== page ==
A unique phase to the creative workflow is the approval process. When not managed well, the approval process can be a significant bottleneck to the whole workflow. So, this phase is typically the most crucial to optimize.

Again, while the process might vary, here are the typical action items that might be included in this phase:

  • Internal approval process between the content creator/creative worker with the creative manager/director.

  • Sharing content with the client. This may require specific tools that allow you to send large files in particular formats. Workflow automation software with online proofing capability like Aproove can simplify this process.

  • Using a solution that can centralize feedback from team members and stakeholders to maintain a clear and streamlined approval process

  • Establishing a review/approval structure, including limiting the number of revision cycles.

  • Create a system to manage, organize, and respond to feedback from clients

  • Track the amount and quality of feedback, and make sure it stays within the contract if you work for a client.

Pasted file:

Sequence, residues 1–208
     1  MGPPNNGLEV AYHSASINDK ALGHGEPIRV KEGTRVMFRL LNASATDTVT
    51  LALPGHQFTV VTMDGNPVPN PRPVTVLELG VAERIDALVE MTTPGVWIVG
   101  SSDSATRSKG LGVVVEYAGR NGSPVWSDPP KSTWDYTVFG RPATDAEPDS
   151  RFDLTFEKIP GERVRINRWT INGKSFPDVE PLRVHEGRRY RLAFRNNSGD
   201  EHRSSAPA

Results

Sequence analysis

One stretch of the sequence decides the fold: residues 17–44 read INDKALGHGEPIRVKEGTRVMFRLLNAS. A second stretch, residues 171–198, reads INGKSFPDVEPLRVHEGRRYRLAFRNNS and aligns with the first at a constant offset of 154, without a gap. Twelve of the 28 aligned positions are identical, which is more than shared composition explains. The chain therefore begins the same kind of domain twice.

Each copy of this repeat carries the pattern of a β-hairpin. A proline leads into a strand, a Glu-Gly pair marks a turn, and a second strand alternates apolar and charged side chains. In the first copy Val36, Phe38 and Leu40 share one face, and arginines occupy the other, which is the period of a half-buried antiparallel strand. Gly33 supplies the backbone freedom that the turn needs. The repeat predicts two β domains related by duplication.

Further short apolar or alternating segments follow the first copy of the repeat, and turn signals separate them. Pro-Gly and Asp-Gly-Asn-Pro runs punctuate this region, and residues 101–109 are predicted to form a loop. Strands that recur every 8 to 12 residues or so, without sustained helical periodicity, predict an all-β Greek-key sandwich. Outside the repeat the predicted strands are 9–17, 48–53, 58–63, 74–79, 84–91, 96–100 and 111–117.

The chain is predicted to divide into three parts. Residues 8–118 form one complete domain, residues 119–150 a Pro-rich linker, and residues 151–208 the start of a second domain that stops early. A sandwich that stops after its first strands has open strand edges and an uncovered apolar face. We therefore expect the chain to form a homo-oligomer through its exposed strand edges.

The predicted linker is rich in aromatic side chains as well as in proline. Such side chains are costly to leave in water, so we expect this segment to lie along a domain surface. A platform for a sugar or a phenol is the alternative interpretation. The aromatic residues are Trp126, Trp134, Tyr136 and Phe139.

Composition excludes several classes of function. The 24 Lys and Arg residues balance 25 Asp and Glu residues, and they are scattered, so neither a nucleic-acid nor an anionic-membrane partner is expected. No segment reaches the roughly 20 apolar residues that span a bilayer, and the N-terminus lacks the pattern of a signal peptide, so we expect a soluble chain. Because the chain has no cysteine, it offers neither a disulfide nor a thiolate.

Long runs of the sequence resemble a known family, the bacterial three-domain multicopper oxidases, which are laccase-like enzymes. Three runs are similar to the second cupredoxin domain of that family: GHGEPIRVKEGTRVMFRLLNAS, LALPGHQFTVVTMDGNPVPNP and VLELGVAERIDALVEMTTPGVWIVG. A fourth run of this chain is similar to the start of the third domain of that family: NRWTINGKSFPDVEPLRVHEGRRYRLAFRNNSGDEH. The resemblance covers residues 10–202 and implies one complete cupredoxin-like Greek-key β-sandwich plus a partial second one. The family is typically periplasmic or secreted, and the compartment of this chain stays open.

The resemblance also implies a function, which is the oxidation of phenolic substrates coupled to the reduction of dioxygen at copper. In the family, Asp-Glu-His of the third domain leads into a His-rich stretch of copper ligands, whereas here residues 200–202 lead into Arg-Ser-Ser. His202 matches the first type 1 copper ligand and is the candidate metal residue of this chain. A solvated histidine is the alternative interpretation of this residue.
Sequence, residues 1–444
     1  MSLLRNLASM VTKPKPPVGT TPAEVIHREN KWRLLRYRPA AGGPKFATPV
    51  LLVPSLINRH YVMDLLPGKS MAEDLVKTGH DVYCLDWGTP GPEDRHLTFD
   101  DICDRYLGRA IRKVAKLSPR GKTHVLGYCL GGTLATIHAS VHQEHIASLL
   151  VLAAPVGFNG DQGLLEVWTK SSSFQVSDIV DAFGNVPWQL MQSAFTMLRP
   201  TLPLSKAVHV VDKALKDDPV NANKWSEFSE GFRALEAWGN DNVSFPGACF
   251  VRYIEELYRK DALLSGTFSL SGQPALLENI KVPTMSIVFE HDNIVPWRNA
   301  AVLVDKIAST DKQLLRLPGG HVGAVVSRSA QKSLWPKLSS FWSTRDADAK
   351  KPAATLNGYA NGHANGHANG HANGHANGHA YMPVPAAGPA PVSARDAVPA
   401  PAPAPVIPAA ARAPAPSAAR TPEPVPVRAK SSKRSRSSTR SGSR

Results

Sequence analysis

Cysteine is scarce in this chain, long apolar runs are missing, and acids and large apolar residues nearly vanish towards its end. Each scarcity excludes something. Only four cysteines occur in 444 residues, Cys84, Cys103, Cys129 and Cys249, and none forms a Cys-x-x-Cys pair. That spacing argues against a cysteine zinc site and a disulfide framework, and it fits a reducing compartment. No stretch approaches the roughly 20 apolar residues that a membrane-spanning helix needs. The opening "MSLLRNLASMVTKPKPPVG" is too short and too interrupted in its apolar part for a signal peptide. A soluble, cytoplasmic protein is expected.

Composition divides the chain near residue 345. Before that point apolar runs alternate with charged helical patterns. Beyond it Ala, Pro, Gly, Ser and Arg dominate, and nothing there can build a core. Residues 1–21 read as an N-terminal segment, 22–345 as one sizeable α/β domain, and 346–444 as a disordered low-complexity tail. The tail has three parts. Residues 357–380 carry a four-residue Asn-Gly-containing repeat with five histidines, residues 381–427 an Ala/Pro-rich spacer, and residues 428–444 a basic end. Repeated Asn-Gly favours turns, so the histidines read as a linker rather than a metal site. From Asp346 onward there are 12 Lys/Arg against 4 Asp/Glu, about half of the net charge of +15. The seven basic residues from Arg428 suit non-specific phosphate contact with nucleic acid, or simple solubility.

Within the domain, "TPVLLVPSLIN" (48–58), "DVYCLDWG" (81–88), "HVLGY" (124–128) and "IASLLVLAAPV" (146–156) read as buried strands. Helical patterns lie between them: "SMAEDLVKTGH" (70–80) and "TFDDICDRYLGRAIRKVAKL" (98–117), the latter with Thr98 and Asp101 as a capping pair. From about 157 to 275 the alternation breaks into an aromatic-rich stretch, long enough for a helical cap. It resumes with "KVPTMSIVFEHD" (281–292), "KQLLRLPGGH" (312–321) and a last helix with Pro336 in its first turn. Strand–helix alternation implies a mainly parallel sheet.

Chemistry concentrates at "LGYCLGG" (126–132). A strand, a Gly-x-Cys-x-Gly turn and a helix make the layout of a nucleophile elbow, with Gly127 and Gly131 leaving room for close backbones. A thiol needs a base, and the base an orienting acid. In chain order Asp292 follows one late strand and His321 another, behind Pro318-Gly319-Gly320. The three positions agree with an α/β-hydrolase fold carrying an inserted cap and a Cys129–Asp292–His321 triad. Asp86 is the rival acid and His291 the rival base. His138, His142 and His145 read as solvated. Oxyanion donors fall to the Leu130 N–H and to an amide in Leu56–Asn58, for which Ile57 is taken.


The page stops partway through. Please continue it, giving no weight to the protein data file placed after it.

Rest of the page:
This phase is finished once you’ve secured the final approval for the deliverable from your client or your creative manager/director if it’s an internal creative project. Past approval deadlines, the creative deliverable/content should be locked from additional revisions and modifications.

Phase 4: Launch

Finally, we are ready to launch the creative product. This phase is typically the simplest but doesn’t make it less important than the others. After all, this phase is the culmination of all your hard work in the previous phases.

You might still need to finalize some aspects of the workflow to tie up loose ends: